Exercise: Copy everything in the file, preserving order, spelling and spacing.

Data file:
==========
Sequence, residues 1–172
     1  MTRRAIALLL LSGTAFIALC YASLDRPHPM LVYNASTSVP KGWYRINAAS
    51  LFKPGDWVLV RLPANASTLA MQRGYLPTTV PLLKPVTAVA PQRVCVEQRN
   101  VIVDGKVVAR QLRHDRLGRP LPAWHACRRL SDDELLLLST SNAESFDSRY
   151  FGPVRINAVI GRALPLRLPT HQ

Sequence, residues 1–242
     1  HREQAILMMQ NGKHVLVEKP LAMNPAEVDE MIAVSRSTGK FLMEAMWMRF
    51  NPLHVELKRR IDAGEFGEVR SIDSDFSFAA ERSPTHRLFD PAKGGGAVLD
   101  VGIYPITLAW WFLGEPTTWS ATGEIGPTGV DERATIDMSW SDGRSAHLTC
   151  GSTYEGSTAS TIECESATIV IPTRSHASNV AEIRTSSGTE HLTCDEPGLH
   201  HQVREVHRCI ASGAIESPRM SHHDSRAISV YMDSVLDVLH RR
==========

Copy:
Sequence, residues 1–172
     1  MTRRAIALLL LSGTAFIALC YASLDRPHPM LVYNASTSVP KGWYRINAAS
    51  LFKPGDWVLV RLPANASTLA MQRGYLPTTV PLLKPVTAVA PQRVCVEQRN
   101  VIVDGKVVAR QLRHDRLGRP LPAWHACRRL SDDELLLLST SNAESFDSRY
   151  FGPVRINAVI GRALPLRLPT HQ

Sequence, residues 1–242
     1  HREQAILMMQ NGKHVLVEKP LAMNPAEVDE MIAVSRSTGK FLMEAMWMRF
    51  NPLHVELKRR IDAGEFGEVR SIDSDFSFAA ERSPTHRLFD PAKGGGAVLD
   101  VGIYPITLAW WFLGEPTTWS ATGEIGPTGV DERATIDMSW SDGRSAHLTC
   151  GSTYEGSTAS TIECESATIV IPTRSHASNV AEIRTSSGTE HLTCDEPGLH
   201  HQVREVHRCI ASGAIESPRM SHHDSRAISV YMDSVLDVLH RR